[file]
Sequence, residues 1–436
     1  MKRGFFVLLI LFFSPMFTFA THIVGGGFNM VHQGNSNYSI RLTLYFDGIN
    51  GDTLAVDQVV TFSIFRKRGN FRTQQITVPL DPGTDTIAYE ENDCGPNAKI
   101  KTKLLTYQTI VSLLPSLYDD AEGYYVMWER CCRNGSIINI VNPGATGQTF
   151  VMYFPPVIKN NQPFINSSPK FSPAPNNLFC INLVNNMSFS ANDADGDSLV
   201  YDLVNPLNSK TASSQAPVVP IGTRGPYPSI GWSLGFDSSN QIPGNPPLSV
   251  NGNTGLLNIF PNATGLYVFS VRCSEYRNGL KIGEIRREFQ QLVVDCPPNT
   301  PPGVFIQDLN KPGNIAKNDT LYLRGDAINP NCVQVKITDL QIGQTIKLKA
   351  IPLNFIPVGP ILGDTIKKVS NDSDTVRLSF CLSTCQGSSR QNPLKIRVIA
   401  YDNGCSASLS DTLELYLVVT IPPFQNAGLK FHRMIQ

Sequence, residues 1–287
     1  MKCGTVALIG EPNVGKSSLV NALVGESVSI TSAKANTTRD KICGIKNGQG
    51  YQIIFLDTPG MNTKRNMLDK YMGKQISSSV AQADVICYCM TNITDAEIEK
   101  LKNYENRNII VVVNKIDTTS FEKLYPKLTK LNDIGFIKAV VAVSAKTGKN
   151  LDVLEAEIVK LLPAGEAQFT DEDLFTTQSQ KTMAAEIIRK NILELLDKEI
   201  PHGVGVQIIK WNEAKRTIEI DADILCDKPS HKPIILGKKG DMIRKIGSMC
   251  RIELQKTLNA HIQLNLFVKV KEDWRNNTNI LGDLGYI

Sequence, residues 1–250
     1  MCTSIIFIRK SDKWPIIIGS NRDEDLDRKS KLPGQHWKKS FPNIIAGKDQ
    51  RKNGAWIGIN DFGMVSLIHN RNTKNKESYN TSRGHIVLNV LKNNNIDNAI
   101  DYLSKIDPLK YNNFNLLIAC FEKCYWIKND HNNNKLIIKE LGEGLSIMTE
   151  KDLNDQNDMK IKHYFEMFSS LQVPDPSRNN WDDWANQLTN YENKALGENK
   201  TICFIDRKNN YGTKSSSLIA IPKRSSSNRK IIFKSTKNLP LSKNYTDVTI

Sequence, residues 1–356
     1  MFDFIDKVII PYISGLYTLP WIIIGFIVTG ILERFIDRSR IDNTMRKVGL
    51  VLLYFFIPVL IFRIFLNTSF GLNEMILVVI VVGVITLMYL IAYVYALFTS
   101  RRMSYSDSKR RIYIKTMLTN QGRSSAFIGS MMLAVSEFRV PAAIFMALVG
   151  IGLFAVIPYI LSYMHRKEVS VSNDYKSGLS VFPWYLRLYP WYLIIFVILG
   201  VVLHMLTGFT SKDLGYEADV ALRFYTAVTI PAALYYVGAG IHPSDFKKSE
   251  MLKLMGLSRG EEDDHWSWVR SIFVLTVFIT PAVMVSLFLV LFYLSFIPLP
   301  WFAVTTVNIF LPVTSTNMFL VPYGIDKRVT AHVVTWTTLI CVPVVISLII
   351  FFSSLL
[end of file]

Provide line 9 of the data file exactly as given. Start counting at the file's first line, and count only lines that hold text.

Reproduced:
   351  IPLNFIPVGP ILGDTIKKVS NDSDTVRLSF CLSTCQGSSR QNPLKIRVIA